This Multicultural Minimony Features a Colour Palette Dripping with Rich Jewel Tones
With a vibrant colour palette inspired by rich jewel tones, this multicultural minimony brings together design influences and traditions from different cultures in the most beautiful and romantic way. Combining the two cultures of Western and Punjabi made this celebration of love so unique and memorable.
With the help of Rebekah Bronte Designs, Carlae and Sukharan celebrated their love and incorporated their two heritages with their immediate families. Their multicultural minimony featured a traditional ceremony, first dance, speeches from the family, and two stunning bridal outfits: a white crepe bridal gown from Ethos Bridal and a hot pink Lehenga. Showcasing stunning Moroccan-inspired florals from Hen & Chicks, this intimate wedding at Venue 308, captured by Tim + Court Photo and Film, is the perfect example that a small wedding can still be a beautiful and meaningful one.
We chose to go forward with our original date, even though it was right in the middle of the pandemic. We knew we wanted to get married on that day no matter what, and with having Rebekah Brontë Designs style and design our day, we knew it would be beautiful no matter how small it ended up needing to be. We decided pretty early on to go ahead with only a ceremony (with a restriction of 10 people at the event), and wanted it to be beautiful, as the majority of our friends and family would only be able to experience it through the photos and the live stream. Looking back we are so happy we stuck with our original date. Not only was the design planning made easy and fun by Rebekah, but the intimacy and elegance of her designs made our day more special and memorable than I could have imagined, and we are so proud to show off our photos to all those who we would have loved to celebrate with us. from the bride
Being a multicultural couple with very different traditional wedding styles, we wanted to incorporate both of them into our wedding day. We both wanted the ceremony to be done in a more traditional western style, but needed some Punjabi influences in the design and feel of the day. This included me changing into a hot pink Lehenga choli with Indian style jewelry after the ceremony for our first dance. I had no clue how to make it all look seamless and put together, but thankful Rebekah was able to curate a design that was just that! from the bride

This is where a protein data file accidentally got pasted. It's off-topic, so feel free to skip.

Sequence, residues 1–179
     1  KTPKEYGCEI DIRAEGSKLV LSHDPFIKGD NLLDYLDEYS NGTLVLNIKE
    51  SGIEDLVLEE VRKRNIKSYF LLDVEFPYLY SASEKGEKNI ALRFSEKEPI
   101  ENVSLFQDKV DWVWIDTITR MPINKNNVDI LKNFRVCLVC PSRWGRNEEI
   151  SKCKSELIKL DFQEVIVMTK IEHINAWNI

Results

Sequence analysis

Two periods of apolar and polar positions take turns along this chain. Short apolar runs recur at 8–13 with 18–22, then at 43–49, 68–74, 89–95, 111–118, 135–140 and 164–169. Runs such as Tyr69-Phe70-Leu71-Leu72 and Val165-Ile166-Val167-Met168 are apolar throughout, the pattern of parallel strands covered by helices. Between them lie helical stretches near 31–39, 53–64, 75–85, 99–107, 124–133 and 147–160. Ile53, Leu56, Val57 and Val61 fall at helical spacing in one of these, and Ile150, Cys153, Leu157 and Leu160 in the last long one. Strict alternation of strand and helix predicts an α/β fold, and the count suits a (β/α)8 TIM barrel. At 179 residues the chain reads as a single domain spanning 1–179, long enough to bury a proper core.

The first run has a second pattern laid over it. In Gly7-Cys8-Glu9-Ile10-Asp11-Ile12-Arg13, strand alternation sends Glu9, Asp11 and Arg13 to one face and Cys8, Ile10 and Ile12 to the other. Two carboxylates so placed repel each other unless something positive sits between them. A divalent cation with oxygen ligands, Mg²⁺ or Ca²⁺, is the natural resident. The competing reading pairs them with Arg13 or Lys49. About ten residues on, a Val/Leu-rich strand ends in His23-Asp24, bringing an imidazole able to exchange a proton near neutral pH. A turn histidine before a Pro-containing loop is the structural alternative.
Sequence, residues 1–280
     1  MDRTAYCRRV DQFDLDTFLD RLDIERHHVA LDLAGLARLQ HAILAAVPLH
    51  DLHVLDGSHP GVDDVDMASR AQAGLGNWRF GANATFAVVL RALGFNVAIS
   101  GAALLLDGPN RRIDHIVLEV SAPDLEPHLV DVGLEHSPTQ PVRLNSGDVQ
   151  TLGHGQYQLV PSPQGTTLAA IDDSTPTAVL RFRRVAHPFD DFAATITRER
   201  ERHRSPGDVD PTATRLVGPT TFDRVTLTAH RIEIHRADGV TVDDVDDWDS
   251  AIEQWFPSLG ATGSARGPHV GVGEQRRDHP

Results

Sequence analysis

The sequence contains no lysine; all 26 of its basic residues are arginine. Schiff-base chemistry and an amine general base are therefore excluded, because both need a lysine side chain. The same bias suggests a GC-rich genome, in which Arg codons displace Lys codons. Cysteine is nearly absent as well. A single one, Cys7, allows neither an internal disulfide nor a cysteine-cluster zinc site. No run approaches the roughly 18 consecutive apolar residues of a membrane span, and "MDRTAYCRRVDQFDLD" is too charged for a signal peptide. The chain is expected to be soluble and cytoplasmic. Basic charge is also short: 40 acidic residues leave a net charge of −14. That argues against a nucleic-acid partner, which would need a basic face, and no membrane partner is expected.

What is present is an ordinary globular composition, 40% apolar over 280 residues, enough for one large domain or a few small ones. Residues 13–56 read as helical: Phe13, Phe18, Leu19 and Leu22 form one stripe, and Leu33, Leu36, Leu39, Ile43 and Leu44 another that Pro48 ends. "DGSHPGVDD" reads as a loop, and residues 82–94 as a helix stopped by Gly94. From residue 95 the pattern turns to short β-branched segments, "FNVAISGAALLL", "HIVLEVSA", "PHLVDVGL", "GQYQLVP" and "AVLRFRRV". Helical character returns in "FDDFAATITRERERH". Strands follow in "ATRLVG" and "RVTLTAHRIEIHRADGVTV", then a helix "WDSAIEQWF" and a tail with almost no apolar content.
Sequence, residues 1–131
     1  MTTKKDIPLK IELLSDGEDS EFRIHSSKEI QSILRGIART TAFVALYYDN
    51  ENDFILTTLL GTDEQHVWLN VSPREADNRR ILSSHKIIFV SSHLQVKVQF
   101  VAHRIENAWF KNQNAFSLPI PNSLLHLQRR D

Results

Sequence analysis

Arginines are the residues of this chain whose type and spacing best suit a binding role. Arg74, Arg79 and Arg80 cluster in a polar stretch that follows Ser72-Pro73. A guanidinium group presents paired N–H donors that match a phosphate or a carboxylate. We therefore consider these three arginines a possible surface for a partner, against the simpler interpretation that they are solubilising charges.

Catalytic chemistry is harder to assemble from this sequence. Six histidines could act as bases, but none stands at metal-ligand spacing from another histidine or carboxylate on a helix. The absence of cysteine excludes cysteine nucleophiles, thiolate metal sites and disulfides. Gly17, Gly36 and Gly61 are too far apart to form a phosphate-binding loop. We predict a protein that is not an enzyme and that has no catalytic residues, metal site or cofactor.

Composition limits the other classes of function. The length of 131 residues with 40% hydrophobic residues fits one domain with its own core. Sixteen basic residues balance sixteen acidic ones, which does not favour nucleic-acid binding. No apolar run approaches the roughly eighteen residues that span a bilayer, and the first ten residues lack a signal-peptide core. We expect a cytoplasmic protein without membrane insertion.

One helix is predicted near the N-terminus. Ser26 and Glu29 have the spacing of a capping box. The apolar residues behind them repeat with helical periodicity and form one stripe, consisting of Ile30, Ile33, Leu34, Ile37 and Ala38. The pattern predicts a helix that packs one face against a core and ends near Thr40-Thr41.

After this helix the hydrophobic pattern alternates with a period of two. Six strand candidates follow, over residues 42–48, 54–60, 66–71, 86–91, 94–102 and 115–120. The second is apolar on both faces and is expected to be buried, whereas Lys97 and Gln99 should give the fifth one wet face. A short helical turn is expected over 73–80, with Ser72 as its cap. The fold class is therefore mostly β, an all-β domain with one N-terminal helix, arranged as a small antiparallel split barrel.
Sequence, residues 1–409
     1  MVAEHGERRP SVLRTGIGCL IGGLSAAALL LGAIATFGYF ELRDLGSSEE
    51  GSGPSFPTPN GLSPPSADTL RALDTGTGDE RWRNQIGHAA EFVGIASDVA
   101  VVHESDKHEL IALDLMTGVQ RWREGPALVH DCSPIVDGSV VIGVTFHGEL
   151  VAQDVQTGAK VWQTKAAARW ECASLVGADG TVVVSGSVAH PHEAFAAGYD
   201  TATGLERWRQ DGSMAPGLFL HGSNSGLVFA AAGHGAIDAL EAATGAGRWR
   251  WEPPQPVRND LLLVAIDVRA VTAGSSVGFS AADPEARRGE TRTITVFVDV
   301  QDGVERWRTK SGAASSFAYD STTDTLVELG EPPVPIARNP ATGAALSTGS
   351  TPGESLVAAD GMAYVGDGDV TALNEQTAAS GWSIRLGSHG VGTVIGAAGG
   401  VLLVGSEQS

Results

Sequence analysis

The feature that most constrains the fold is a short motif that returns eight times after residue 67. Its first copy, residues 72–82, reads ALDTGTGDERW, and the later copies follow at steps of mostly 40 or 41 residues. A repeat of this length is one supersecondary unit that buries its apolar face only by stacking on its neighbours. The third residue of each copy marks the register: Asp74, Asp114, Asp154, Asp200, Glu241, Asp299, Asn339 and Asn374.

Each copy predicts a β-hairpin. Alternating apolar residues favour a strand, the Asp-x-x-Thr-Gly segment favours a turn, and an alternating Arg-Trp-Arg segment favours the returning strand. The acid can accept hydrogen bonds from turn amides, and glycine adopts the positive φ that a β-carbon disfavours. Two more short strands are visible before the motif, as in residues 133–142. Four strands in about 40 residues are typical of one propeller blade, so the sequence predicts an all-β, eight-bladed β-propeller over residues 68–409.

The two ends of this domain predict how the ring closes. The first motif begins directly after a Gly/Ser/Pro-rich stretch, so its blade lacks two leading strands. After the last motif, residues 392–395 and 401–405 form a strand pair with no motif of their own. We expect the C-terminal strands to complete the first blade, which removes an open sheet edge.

The bride and her bridesmaids each received henna on their hands (and the bride’s feet) in the week preceding the wedding. This intricate work was done by Jay’s Henna Art. Read below for a fun Punjabi tradition involving henna!
It’s a fun tradition in lots of Punjabi weddings to hide the grooms name within the design of the brides Mehndi (henna). There are lots of little meanings and twists behind this tradition, but we just did it for the fun of it! Sukhkaran needed a little prompting to find it, but when he did, his reaction was priceless! from the bride
Do you have any advice for brides/couples currently planning their own wedding with restrictions?
My advice for couples currently planning their wedding would be to decide now what is more important – getting married no matter what on the day you have planned, or having the wedding you were thinking of, with all the guests you want. If it’s the latter, then postpone and don’t stress about picking a day or planning until the future becomes a bit more clear, your time will come! If its the former, then know it still has the potential to be incredible beautiful and inclusive, especially if you have the right people by your side! Though our in person guest size was very limited, we still felt like we had ALL of our people cheering us on and celebrating with us. We feel like our wedding day was everything we could have dreamed of, and do not in any way feel like we missed out on something but sticking with our original date, in fact, it felt more intimate and personal than it could have possibly been with more in person guests. from the bride